Grounds for Divorce
The end of a marriage is undoubtedly a big event in someone’s life and the decision to end a marriage should never be taken lightly, which is why we like to clarify what the grounds for divorce are.
Grounds for Divorce Details
Section 5(1) of the Family Law (Divorce) Act 1996 sets out the grounds upon which a court will grant a decree of divorce on application by either spouse. These grounds are as follows:
- at the date of the institution of the proceedings, the spouses have lived apart from one another for a period of, or periods amounting to, at least two years during the previous three years*;
- there is no reasonable prospect of reconciliation between the spouses; and
- such provision as the court considers proper having regard to the circumstances exist or will be made for the spouses and any dependent members of the family.
All of these grounds must be satisfied before a divorce can be granted and there are specific conditions that apply to each of the above. For this reason, it is always advisable to seek the advice of a qualified divorce solicitor before taking any action.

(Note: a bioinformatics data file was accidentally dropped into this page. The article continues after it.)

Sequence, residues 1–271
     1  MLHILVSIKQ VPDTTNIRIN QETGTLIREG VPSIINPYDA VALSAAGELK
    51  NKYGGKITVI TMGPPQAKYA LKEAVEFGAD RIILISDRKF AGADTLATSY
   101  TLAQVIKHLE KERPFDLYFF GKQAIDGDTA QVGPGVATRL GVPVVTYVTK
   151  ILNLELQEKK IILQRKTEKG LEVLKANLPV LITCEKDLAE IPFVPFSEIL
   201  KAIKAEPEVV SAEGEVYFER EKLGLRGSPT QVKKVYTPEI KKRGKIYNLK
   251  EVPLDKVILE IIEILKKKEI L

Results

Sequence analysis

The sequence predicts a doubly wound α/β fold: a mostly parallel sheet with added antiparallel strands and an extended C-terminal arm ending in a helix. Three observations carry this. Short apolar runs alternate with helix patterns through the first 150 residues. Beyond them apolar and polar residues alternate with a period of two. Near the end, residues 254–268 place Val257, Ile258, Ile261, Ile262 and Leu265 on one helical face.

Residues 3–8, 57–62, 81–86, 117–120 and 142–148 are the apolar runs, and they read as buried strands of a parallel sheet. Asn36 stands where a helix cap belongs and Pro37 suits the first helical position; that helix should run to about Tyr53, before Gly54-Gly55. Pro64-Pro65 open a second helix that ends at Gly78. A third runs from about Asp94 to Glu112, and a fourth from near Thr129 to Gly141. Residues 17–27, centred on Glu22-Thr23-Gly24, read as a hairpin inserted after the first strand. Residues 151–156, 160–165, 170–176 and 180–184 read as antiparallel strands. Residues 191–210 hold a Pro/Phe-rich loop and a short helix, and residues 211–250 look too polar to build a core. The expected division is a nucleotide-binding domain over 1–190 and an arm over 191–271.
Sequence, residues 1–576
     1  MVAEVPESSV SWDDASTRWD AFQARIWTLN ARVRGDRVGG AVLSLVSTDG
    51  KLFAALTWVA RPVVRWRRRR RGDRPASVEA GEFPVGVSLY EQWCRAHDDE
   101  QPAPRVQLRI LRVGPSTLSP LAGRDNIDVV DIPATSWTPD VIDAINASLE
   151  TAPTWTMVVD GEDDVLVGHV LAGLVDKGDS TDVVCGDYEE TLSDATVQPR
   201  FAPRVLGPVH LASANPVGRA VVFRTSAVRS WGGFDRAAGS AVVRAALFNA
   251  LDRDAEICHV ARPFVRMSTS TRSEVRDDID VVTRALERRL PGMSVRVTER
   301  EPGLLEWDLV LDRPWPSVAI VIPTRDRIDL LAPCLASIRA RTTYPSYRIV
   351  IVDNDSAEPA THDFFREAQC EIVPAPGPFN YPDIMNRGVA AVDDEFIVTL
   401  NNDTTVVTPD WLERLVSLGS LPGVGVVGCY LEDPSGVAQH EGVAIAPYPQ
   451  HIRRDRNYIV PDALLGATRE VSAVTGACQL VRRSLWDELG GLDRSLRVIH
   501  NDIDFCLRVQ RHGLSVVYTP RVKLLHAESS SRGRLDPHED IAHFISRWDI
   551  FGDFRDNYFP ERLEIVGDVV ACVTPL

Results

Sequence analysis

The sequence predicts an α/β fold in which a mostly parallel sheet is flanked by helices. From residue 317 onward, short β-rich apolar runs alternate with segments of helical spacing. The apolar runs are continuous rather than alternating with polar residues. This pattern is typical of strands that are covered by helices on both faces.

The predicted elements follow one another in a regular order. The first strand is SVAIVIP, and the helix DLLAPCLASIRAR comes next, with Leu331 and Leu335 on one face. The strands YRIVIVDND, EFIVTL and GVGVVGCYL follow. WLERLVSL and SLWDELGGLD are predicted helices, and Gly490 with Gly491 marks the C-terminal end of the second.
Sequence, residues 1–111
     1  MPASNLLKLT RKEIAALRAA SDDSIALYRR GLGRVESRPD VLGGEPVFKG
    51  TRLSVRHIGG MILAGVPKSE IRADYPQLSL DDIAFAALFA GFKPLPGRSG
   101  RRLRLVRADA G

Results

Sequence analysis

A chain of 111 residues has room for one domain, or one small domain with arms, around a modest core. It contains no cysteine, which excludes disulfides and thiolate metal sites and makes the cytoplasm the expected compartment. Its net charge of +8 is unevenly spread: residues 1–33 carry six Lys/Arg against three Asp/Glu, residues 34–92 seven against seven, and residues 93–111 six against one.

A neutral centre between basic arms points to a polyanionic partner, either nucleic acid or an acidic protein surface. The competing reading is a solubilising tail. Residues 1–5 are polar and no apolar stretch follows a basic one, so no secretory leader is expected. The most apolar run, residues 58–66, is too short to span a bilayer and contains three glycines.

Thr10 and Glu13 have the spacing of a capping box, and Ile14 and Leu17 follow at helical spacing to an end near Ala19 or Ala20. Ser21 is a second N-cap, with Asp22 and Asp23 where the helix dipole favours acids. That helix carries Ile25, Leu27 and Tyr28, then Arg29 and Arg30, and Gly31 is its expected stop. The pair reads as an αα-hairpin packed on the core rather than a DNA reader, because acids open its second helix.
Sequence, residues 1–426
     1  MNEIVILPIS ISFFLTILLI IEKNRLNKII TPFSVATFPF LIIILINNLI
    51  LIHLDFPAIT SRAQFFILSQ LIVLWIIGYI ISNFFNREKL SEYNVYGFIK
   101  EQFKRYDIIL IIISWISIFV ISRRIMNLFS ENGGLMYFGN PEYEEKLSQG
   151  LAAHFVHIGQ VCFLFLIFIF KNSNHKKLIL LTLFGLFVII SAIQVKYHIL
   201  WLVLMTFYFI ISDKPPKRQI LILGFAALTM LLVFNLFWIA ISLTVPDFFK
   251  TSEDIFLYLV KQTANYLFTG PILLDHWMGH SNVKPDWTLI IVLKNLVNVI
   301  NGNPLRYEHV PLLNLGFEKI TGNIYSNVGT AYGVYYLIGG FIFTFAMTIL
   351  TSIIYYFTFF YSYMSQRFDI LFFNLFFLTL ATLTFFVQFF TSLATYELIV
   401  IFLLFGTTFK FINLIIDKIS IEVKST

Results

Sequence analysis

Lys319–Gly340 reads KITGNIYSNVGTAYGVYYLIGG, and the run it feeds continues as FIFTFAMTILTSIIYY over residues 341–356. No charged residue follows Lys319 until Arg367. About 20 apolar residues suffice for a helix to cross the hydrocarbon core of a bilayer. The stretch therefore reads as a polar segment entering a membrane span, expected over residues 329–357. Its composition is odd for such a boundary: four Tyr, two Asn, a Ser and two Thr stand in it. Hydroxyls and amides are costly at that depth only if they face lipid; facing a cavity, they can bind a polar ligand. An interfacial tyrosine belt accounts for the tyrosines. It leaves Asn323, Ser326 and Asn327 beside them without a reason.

•The Family Law Act 2019 came into effect on the 25th of October 2019 which reduced the waiting period to, or periods amounting to, two out of the previous three years (it was previously four out of the previous five years).
Grounds for Judicial Separation
A Judicial Separation is granted by a Judge. Proceedings are instituted by one spouse against the other, to either the Circuit Court or the High Court, seeking a Decree (a Court Order) of Judicial Separation in respect of your marriage.
There are a number of grounds upon which the Court can grant a Judicial Separation, including:
- The adultery of one party,
- Unreasonable behaviour,
- Mental cruelty divorce on the grounds that the applicant has been living separate and apart from the other spouse for 3 years prior to the institution of the proceedings.
The usual ground upon which the court grants a decree of judicial separation is that the marriage has broken down to the extent that there has been no normal marital relationship between the parties for in excess of one year prior to the institution of separation proceedings.